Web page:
• Most single-phase motors used in dishwashers have a relatively low starting torque. Often conventional dishwasher motors do not have enough torque to start after long periods of non-use when the seal faces have become stuck together. When this happens an expensive service call is usually required. The three-phase motor used in this invention is capable of a relatively high amount of starting torque compared to comparably sized single-phase motors. Furthermore, if the motor is sensed not to be starting normally by the motor controller, the starting torque can be momentarily increased or pulsed in order to aid in breaking the seal free.
  • Those skilled in the art will appreciate that many modifications to the preferred embodiment of the present invention are possible without departing from the spirit and scope of the present invention. In addition, it is possible to use some of the features of the present invention without the corresponding use of other features. Accordingly, the foregoing description of the preferred embodiment is provided for the purpose of illustrating the principles of the present invention and not in limitation thereof, since the scope of the present invention is defined solely by the appended claims.

Claims (42)

1. A dishwasher comprising:
a pump for discharging water into a dishwasher tub;
a speed-controlled induction motor coupled to the pump to drive the pump during dishwasher operation;
a motor controller operationally connected to the induction motor to control the speed of operation of the induction motor; and
a dishwasher controller operationally connected to the motor controller for sending signals to, and receiving signals from, the motor controller during operation.
2. The dishwasher of claim 1 wherein the motor controller detects changes in load on the induction motor and pump and provides a motor loading data signal to the dishwasher controller.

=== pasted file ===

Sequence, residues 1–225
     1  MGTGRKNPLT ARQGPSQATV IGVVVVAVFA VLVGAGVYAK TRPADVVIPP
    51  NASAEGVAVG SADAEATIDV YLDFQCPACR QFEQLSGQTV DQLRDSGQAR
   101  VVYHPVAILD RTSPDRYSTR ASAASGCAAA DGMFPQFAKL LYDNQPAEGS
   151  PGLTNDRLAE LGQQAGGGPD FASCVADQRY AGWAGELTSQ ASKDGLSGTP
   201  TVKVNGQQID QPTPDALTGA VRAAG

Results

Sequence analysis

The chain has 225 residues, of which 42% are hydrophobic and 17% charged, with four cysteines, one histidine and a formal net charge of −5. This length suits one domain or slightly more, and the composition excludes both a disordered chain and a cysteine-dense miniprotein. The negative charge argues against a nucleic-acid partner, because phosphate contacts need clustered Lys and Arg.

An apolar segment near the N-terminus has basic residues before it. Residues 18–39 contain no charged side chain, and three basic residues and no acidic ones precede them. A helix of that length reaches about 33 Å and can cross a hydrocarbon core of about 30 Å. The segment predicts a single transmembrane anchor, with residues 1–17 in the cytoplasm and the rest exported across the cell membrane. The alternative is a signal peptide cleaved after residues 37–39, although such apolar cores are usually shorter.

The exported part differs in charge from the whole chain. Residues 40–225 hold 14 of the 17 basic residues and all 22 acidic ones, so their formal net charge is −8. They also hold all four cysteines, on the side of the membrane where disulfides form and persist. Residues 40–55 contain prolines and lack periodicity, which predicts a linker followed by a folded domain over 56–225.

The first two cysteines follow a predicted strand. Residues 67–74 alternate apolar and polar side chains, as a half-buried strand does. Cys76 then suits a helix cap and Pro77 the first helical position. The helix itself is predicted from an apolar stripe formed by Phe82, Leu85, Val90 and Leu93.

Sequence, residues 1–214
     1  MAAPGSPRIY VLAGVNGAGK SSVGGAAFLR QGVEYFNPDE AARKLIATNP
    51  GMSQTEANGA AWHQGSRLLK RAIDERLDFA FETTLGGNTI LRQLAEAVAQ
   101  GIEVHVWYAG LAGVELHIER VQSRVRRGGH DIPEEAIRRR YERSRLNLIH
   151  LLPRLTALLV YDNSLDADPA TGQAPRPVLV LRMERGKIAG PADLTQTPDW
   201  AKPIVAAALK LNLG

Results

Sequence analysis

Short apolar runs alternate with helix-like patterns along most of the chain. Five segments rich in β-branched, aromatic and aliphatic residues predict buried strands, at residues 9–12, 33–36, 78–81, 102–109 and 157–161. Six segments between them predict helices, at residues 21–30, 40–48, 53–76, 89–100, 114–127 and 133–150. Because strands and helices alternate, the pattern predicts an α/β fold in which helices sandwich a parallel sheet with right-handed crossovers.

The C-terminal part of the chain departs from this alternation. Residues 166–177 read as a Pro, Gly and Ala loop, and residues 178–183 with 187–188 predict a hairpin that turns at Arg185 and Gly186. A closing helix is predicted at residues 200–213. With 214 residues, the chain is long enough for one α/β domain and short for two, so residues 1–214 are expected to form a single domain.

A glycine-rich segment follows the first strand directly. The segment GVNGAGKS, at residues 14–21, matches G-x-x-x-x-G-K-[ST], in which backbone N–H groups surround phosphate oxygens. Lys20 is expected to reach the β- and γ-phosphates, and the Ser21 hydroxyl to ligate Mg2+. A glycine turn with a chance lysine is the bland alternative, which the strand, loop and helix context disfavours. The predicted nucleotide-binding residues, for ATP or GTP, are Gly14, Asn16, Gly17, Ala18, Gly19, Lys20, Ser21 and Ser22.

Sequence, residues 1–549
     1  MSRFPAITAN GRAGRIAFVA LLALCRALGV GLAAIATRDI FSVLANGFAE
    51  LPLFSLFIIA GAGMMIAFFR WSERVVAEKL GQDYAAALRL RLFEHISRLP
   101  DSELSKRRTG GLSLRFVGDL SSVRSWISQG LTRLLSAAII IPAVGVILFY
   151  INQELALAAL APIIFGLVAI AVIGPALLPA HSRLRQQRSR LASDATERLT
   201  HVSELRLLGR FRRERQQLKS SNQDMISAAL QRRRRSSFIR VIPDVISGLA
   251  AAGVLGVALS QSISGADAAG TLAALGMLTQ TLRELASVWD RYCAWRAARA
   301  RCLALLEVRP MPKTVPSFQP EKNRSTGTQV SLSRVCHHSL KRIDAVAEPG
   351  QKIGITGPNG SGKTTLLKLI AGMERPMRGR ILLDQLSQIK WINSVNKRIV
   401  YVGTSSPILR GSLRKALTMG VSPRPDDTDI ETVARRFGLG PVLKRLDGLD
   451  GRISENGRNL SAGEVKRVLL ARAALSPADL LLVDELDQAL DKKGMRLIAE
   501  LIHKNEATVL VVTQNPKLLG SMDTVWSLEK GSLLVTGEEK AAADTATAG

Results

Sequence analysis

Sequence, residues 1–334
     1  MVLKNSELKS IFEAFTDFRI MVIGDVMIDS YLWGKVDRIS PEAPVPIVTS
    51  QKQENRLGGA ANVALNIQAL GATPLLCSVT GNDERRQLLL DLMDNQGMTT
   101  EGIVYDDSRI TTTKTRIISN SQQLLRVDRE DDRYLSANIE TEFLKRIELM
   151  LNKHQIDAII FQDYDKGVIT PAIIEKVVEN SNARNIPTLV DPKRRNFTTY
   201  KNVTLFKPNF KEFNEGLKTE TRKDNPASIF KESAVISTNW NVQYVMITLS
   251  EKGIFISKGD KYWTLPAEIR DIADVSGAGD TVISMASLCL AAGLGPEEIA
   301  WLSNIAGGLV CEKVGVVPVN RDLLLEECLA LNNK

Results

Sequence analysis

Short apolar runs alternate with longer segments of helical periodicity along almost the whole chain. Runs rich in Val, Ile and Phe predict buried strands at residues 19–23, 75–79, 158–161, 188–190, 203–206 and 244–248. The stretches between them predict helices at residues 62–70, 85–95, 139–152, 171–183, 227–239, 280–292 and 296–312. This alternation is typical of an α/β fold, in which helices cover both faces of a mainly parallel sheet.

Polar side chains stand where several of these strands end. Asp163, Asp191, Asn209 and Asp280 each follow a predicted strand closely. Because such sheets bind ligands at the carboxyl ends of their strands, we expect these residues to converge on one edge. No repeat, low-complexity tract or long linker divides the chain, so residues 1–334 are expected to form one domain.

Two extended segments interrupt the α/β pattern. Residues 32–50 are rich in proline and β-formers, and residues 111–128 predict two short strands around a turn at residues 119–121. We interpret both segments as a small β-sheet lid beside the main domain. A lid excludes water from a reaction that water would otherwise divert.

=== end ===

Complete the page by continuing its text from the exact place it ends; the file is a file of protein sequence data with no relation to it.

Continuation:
3. The dishwasher of claim 2 wherein the dishwasher controller sends a signal to the motor controller to change the speed of the induction motor based on the motor loading data signal.
4. The dishwasher of claim 2 wherein the motor controller detects a decrease in load on the induction motor and the dishwasher controller sends a command back to the motor controller to decrease the speed of the induction motor.
5. The dishwasher of claim 1 wherein the induction motor is a three-phase motor.
6. The dishwasher of claim 1 wherein the induction motor provides a constant torque corresponding to the speed of operation of the induction motor.
7. The dishwasher of claim 1 wherein the pump is a water circulation pump and includes a pump inlet and a pump discharge.
8. The dishwasher of claim 1 wherein the pump is a drain pump.
9. The dishwasher of claim 4 further comprising a spray arm coupled to the pump discharge and including a plurality of spray jets.
10. The dishwasher of claim 9 wherein the plurality of spray jets are angled with respect to the spray arm.
11. The dishwasher of claim 9 wherein a speed of rotation of the spray arm increases in response to an increase in a water flow rate and pressure at the spray jets.
12. The dishwasher of claim 9 wherein the increase in the water flow rate and pressure at the spray jets is caused by an increase in speed of the induction motor and pump.
13. The dishwasher of claim 7 further comprising a sump connected to the pump inlet and a filter disposed in the dishwasher tub above the sump to block food debris from entering the sump.
14. The dishwasher of claim 13 wherein the motor controller detects a decrease in a torque load from the pump when a water flow rate through the filter decreases allowing air to enter the pump.
15. The dishwasher of claim 14 wherein the motor controller decreases the speed of the motor and pump until a water flow rate through the pump equals the flow rate through the filter.
16. A method for operating a dishwasher to clean food debris from a plurality of items in the dishwasher during a wash cycle, comprising the steps of:
filling a dishwasher tub with a fresh charge of water from a water inlet valve;
pumping the water through a pump discharge to a plurality of spray jets positioned on a spray arm that rotates during operation of the dishwasher; and